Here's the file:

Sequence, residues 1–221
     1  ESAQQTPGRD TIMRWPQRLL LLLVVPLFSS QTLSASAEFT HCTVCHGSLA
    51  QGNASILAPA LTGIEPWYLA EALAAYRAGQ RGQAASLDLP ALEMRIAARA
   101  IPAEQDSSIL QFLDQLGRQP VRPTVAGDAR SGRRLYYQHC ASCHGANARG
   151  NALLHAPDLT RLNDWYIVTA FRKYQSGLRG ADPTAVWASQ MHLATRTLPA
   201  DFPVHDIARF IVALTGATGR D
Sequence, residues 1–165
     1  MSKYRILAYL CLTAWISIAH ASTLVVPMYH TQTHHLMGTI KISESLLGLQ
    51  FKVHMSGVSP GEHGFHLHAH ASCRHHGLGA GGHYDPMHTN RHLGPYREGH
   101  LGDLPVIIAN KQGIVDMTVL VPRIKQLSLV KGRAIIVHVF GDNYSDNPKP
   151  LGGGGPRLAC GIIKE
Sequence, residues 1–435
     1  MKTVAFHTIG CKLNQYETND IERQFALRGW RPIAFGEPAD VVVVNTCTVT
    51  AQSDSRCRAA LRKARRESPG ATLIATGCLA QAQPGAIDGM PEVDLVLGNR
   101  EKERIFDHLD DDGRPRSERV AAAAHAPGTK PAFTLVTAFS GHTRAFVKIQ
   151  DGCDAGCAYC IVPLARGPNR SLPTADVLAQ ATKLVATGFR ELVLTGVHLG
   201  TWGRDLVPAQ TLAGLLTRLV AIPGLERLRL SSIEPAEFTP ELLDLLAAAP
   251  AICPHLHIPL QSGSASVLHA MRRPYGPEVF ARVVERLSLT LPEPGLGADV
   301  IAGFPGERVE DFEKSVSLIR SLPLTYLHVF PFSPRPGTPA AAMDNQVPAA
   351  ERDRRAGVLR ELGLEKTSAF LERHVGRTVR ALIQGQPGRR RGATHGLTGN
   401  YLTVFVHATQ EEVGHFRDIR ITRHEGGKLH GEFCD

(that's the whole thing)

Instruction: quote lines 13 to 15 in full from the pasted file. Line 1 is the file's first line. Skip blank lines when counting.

     1  MKTVAFHTIG CKLNQYETND IERQFALRGW RPIAFGEPAD VVVVNTCTVT
    51  AQSDSRCRAA LRKARRESPG ATLIATGCLA QAQPGAIDGM PEVDLVLGNR
   101  EKERIFDHLD DDGRPRSERV AAAAHAPGTK PAFTLVTAFS GHTRAFVKIQ